• Suspiciously Similar Substitute: Almost all of the partners from The Thousand Year Door are rehashes of the gang from the original with improved abilities and more complex character designs. Goombella, Koops, and Bobbery are direct stand-ins for Goombario, Kooper, and Bombette, while the other members offer either similar powers (Vivian replicates Lady Bow's invisibility) or ability re-combinations (the Yoshi hatchling mixes a weaker version of Lakilester's Power-Up Mount abilities with Parakarry's gap-crossing abilities).
  • This Looks Like a Job for Aquaman: In games where Mario has partners, many of them are tailor-made to work with specific obstacles or environments. Depending on who you choose to bring with you in a boss battle, it may be easy or hard.
    • The gap-crossing characters, Parakarry and the Yoshi hatchling, need gaps to cross. Their games compensate for this limited use by giving Parakarry a subquest of delivering letters and making Yoshi a Power-Up Mount that can boost Mario's speed in the field.
    • Bow and Vivian make Mario invisible, which has limited gameplay uses, unless you're trying to evade enemies in a particularly complicated way.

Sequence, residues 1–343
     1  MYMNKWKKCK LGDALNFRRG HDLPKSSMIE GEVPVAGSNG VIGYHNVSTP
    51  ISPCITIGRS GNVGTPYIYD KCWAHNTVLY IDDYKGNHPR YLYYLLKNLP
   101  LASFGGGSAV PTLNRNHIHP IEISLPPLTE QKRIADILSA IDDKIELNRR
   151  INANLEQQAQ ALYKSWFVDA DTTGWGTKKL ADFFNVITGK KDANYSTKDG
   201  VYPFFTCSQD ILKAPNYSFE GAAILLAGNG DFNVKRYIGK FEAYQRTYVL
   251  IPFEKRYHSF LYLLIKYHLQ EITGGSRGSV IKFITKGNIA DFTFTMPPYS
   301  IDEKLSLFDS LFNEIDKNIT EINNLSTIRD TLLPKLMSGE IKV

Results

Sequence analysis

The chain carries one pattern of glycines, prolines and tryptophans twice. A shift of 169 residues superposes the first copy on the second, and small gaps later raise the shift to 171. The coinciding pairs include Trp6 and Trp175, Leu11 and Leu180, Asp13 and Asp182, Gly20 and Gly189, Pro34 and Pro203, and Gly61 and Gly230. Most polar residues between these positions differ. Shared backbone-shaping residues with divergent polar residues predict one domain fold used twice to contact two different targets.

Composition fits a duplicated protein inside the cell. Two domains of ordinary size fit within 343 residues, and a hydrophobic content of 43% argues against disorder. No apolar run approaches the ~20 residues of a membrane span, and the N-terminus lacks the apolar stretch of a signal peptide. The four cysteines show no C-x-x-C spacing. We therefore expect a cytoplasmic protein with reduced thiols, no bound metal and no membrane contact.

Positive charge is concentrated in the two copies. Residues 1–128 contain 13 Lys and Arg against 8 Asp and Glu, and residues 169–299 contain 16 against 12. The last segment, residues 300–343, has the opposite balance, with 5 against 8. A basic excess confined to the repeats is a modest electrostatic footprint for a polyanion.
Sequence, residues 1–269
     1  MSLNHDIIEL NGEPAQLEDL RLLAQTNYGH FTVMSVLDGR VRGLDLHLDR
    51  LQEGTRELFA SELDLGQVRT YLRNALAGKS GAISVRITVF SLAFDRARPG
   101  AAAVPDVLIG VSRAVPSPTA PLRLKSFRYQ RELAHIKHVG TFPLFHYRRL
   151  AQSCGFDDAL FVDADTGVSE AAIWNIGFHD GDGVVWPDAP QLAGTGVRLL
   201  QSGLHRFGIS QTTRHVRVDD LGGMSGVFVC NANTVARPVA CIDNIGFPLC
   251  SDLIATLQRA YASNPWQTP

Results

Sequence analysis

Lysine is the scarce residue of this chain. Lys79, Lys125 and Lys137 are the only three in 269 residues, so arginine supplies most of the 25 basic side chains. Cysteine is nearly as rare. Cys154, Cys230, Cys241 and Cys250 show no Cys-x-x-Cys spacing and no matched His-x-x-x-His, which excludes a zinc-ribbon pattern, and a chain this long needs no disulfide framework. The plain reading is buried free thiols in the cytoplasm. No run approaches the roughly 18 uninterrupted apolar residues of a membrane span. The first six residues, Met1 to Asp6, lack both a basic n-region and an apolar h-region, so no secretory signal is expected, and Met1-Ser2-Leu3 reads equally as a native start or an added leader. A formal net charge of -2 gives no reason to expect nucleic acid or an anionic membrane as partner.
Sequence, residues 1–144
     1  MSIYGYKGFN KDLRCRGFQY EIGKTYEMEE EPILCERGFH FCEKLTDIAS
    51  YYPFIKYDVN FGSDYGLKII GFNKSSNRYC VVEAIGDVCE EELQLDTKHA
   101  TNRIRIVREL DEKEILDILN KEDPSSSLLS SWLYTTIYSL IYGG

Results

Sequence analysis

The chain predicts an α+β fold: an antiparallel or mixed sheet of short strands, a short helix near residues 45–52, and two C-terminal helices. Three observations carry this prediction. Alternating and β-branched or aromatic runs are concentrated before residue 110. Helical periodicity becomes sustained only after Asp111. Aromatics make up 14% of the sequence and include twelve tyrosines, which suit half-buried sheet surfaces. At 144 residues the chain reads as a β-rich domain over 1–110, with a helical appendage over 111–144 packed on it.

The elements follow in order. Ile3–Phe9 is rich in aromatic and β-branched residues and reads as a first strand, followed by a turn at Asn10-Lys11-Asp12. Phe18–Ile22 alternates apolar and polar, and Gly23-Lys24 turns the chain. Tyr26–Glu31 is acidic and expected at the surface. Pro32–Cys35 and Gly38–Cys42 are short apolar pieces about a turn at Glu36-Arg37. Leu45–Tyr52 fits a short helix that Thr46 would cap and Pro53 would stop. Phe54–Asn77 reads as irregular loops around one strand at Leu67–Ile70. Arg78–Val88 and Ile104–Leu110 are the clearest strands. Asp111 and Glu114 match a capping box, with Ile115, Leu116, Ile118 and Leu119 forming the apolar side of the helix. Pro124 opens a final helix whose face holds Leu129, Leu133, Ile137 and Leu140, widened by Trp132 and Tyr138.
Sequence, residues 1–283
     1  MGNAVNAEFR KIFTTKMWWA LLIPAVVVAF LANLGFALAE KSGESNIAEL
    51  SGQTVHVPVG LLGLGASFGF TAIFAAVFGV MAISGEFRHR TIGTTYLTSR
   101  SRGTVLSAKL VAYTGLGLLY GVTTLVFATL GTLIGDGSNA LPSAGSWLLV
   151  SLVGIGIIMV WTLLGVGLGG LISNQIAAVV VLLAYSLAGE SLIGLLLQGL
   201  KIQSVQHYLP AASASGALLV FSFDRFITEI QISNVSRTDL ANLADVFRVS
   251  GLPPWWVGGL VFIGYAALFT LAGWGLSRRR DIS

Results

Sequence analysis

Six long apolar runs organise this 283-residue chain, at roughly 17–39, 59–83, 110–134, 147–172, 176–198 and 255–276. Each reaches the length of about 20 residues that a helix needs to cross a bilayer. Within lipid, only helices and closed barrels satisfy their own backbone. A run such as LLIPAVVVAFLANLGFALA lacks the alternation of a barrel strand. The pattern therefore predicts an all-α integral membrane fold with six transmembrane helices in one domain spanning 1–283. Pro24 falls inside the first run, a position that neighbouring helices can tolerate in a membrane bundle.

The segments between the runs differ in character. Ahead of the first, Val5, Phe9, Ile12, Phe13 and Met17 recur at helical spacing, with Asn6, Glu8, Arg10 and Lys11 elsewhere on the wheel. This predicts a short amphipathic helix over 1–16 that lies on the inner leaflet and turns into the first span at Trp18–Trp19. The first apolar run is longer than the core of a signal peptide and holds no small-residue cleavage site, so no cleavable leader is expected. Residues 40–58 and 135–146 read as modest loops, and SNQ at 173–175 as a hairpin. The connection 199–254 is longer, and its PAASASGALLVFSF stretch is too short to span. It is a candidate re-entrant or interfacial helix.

• Sushie in the first game has no use except to allow Mario to swim by entering the water at specific docks and to be especially powerful against fire enemies (she joins the heroes right before they enter a volcano). Bombette is a subverted example, since while she can only explode, that explosion also double as an attack.
    • Madame Flurrie from The Thousand-Year Door can use her wind powers to reveal certain secrets and make enemies dizzy.
    • The Pixls from Super Paper Mario are all about this. They're literally living tools for performing specific tasks. Several of them replicate specific Thousand Year Door abilities, such as Slim replacing Mario's paperizing to fit through slim spaces or Fleep providing Madame Flurrie's powers.
      • Dottie's job is to make the characters small, allowing them to fit through tiny spaces and little red doors.